UW Professor Emeritus of Marketing Thaddeus Spratlen, founding faculty director of the Consulting and Business Development Center (formerly the Business & Economic Development Center), discusses segregation in higher education during the 1960s, how he became one of the first African American professors to teach and publish at a mainstream (non-historically black) US university—and how the UW Foster School of Business BEDC all began.

Professor Spratlen and his wife Professor Lois Price Spratlen have given $1 million to the UW and the Consulting and Business Development Center over their lifetime, ensuring the center will continue for generations to come as one of only a few centers at top public business schools in the country devoted to minority business economic development.

Donate to the Thaddeus H. Spratlen Endowment for Business and Economic Development Program

UW luminaries fulfill lifelong dream by breaking barriers, giving back

Thaddeus Spratlen and Lois Price SpratlenThaddeus Spratlen and Lois Price Spratlen, University of Washington emeritus professors, broke down barriers across the US while raising the bar for women and people of color in higher education.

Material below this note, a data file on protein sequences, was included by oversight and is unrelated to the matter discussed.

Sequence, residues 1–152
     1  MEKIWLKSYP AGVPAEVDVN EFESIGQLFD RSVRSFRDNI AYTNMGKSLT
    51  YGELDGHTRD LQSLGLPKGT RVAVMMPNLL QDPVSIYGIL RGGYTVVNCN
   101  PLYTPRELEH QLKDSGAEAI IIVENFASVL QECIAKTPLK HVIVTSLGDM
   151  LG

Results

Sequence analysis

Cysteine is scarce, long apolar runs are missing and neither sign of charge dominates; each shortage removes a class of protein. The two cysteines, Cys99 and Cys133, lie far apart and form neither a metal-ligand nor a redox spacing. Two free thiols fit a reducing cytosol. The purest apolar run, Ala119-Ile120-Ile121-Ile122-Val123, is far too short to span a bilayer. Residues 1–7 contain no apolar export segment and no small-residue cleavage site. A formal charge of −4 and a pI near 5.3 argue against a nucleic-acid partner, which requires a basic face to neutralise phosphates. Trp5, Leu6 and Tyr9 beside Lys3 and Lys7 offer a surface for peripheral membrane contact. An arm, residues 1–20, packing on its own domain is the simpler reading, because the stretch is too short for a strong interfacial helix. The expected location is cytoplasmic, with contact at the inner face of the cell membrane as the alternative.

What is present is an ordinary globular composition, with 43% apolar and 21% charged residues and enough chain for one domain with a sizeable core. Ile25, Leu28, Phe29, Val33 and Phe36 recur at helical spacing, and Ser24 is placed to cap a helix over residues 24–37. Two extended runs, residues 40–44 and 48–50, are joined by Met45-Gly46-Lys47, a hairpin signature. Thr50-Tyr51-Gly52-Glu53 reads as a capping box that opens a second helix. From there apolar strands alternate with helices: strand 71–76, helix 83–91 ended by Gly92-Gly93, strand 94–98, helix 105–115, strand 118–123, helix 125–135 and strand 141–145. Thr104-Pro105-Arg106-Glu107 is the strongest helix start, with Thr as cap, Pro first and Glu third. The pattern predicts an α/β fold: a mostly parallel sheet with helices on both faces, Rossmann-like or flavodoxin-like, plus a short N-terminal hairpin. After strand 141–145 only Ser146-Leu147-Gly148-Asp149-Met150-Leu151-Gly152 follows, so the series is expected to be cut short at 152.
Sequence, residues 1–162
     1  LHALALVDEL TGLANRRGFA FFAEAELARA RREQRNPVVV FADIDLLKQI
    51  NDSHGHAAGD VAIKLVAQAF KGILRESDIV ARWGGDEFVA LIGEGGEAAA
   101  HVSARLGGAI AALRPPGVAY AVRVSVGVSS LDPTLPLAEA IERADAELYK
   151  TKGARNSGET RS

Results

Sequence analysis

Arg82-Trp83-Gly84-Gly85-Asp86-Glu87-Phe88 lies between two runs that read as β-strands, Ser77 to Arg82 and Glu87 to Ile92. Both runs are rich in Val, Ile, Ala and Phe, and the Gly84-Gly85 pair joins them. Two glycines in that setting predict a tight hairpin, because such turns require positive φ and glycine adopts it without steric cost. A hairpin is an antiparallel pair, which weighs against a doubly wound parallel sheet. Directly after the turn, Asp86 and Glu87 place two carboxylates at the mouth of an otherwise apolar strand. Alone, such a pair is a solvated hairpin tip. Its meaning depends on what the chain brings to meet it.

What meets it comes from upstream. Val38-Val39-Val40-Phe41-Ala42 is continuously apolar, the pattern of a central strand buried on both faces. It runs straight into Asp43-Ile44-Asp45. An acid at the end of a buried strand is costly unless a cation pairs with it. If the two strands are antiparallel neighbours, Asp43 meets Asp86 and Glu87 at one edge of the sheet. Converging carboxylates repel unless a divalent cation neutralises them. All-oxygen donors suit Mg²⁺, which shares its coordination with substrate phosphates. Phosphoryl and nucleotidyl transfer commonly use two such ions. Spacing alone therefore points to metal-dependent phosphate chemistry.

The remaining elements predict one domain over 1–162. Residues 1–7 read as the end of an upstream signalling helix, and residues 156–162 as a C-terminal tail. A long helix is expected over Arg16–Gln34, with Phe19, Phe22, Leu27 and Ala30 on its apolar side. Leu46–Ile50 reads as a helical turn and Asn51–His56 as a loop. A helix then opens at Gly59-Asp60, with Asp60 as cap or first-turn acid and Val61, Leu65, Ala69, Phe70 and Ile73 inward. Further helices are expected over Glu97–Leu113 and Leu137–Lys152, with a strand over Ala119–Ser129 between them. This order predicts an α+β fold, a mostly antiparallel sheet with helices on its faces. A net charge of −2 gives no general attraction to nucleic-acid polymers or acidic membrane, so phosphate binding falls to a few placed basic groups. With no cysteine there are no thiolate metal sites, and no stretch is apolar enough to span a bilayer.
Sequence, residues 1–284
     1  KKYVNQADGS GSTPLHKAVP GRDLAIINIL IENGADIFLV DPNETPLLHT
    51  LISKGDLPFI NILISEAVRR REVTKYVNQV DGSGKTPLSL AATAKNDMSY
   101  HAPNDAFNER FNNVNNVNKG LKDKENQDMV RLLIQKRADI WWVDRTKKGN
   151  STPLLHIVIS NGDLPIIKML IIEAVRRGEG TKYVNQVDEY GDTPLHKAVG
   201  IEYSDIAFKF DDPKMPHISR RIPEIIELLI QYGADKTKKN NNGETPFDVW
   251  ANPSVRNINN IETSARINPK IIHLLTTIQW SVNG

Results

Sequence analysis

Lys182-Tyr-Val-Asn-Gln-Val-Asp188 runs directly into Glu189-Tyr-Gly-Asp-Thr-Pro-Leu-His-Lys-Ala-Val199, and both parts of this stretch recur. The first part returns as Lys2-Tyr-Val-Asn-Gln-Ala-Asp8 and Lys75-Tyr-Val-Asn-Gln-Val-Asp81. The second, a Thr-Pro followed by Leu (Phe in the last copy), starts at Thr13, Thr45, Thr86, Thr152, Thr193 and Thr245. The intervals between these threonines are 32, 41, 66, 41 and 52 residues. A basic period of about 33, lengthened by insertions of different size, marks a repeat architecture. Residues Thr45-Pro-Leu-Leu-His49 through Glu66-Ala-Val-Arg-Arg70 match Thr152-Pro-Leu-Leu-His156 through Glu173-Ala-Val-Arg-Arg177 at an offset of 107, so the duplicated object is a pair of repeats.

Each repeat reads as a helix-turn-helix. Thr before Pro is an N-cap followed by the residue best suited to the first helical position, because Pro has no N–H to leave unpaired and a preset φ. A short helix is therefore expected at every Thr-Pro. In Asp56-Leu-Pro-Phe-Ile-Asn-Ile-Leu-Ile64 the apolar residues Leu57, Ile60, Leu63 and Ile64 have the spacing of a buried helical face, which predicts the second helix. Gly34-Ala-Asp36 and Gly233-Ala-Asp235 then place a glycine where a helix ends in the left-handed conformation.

Thad, professor of marketing, paved the way for professors of color to join non-black universities and expanded access for other women and people of color in business by establishing the Business and Economic Development Center (BEDC), now called the Consulting and Business Development Center. He was the first African American faculty at the UW Foster School of Business, first to receive tenure and first emeritus professor. If he hadn’t pushed racial boundaries, the Consulting and Business Development Center might be a smaller program at a historically black college – and its impact might be far less.

Lois contributed to gender equality by writing the book on how women are treated in university settings. She also was the first female UW ombudsman. And in the 1950s she got a policy change for women nursing students to marry while in college.

Their $1 million lifetime gift to the UW ensures the Consulting and Business Development Center will flourish. To date, more than $85 million in new revenue was gained and more than 6,000 jobs were added or retained across Washington through the center’s work.

“The Foster School’s vision is to become the best public business school and to me that means we serve everyone. Foster is one of only three top public business schools in the nation to address minority business economic development,” says Michael Verchot, director of the Business and Economic Development Center. “Because of the Spratlen gift, we know right now that the Foster School Business and Economic Development Center will forevermore be working with small businesses in underserved communities.”